Gene Variant Could Lead to Missed Type 2 Diabetes Diagnosis in African-Americans
Researchers have found a gene variant that occurs only in African Americans and could cause underdiagnosis of A1c blood testing for diabetes among a group known to have a higher risk for the illness.
The discovery was part of a study that identified 60 gene variants – 42 for the first time – that can influence blood levels of hemoglobin A1c, measurements of which are used both to diagnose type 2 diabetes and to monitor blood sugar control..
“Large-scale genetic discoveries about the increasingly common type 2 diabetes have not yet had much impact on prevention,” says James B. Meigs, MD, MPH, of the Division of General Internal Medicine at Massachusetts General Hospital (MGH), co-corresponding author of the paper published in PLOS Medicine. “In this huge study that analyzed data from 82 cohort studies from around the world, we found dozens of gene regions affecting A1c levels and were able to show how genetic discoveries could help improve type 2 diabetes detection and reduce health disparities.”
Hemoglobin A1c testing measures glucose that has been bound to hemoglobin, the oxygen-transporting protein found red blood cells. In contrast to a blood glucose test, which measures blood sugar levels at one point in time, A1c testing reflects average levels of blood sugar over a period of about three months, the usual lifespan of red blood cells. Long used as tool for managing blood sugar levels in diabetes, A1c testing has been recommended for diagnosing diabetes and prediabetes since 2009. In addition to giving a longer-term view of an individual’s blood sugar levels, A1c testing does not need to be conducted after an 8- to 10-hour fast, potentially making it more convenient for patients as well as being more accurate for diabetes detection.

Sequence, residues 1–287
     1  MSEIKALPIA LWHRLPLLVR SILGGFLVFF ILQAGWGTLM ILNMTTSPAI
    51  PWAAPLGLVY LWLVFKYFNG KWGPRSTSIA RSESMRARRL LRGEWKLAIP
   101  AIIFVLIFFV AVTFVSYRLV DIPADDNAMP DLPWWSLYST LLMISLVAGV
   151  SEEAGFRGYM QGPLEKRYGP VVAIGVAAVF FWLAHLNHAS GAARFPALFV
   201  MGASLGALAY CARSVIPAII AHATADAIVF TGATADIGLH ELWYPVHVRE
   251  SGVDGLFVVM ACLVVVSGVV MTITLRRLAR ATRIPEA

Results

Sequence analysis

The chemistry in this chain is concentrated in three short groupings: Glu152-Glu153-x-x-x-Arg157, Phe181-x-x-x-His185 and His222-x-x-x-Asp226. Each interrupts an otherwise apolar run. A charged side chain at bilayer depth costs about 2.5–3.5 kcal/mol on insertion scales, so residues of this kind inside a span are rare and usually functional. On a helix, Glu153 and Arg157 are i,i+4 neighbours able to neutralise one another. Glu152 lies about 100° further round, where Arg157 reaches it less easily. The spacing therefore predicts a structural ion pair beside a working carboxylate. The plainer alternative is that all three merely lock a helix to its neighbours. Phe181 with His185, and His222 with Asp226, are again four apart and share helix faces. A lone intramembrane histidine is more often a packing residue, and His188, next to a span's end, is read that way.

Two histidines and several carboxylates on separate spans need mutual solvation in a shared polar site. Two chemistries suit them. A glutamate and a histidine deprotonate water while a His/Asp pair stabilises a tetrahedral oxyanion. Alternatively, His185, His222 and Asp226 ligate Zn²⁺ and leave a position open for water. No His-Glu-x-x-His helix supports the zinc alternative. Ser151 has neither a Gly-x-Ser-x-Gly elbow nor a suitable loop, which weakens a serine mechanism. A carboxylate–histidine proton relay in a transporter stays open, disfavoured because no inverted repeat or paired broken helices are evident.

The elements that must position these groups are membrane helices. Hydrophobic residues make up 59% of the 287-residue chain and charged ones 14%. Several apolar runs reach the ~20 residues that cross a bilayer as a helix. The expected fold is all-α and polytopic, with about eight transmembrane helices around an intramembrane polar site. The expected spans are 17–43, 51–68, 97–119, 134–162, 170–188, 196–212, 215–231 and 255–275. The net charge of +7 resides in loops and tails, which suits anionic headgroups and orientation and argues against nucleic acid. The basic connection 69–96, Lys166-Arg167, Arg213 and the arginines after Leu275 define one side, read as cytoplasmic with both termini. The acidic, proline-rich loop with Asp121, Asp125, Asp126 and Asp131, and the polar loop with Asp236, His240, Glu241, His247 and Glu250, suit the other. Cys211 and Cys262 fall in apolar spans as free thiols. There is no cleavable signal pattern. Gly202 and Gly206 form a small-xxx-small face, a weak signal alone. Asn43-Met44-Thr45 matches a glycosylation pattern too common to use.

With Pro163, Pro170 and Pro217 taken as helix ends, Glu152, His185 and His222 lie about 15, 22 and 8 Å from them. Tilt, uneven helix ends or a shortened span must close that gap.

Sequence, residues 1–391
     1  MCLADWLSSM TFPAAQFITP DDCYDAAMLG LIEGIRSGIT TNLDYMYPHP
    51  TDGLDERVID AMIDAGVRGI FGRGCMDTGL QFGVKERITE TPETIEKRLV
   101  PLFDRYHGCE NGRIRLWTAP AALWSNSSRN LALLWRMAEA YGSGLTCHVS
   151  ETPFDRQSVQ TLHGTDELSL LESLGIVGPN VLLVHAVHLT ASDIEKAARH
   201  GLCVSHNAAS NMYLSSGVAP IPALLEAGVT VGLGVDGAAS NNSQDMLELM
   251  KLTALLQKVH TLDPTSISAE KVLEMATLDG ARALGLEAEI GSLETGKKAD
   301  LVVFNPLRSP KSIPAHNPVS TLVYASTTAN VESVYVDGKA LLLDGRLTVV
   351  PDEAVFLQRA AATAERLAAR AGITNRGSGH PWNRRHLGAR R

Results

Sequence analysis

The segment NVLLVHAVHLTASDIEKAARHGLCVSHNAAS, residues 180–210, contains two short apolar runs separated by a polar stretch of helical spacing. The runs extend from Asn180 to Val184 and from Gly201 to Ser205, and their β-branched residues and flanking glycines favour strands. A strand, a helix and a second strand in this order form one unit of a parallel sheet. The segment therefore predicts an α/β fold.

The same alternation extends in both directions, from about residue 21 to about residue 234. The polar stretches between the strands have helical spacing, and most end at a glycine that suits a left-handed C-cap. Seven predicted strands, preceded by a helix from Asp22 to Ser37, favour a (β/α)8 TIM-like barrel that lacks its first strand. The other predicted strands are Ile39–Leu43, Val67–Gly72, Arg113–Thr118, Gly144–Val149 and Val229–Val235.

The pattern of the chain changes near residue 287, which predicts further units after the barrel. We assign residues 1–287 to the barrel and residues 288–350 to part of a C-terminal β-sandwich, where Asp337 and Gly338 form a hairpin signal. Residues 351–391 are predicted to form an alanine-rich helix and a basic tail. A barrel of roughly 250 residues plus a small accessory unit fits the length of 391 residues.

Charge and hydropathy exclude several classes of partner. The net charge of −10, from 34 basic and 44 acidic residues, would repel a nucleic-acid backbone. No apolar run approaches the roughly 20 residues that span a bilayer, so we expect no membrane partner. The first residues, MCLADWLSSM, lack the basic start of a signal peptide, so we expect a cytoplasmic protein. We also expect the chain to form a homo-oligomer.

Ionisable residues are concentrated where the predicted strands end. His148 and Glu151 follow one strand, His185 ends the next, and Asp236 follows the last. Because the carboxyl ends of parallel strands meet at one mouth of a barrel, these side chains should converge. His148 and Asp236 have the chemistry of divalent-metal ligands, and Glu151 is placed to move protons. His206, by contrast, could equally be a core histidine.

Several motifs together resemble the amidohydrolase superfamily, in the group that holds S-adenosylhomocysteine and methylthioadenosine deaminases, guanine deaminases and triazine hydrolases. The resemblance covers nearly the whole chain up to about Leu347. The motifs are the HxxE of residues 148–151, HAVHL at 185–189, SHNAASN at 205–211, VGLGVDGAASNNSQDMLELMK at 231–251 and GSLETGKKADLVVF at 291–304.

Previous studies have identified 18 gene variants associated with higher or lower A1c levels that could be classified based on whether they directly influenced blood glucose or factors related to red blood cells. The latter types of variants, including ones that reduce the lifespan of red blood cells, could lead to A1c results that do not accurately reflect actual blood sugar levels. Because the earlier studies were conducted in individuals of either European or Asian ancestry, the current study was designed to identify new A1c-influencing variants by analyzing data from larger, more diverse population samples.
The team, comprised of more than 200 investigators from around the world, analyzed genetic data from almost 160,000 individuals of European, African American and Asian ancestries who had not been diagnosed with diabetes at the time they entered their respective studies. The 60 A1c-influencing variants that were identified were classified as either acting through blood glucose, through red blood cells or through other means. The 82 studies providing the data used in the current analysis followed their participants for various periods of time, and data reflecting the incidence of new type 2 diagnoses over 10 years following study entry was available for 33,000 study participants.
That data revealed that inheriting any of the 20 variants that influenced A1c levels by raising blood glucose increased the risk of developing type 2 diabetes by around 5 percent per inherited variant. While the ability of these variants to predict future diabetes was similar in those of European, Asian and African ancestry, the influence of variants on the ability to diagnose diabetes by A1c testing was significantly different in African Americans. This difference was attributable to one specific variant in a gene called 6GPD, which is located on the X chromosome and codes for an important red blood cell protein.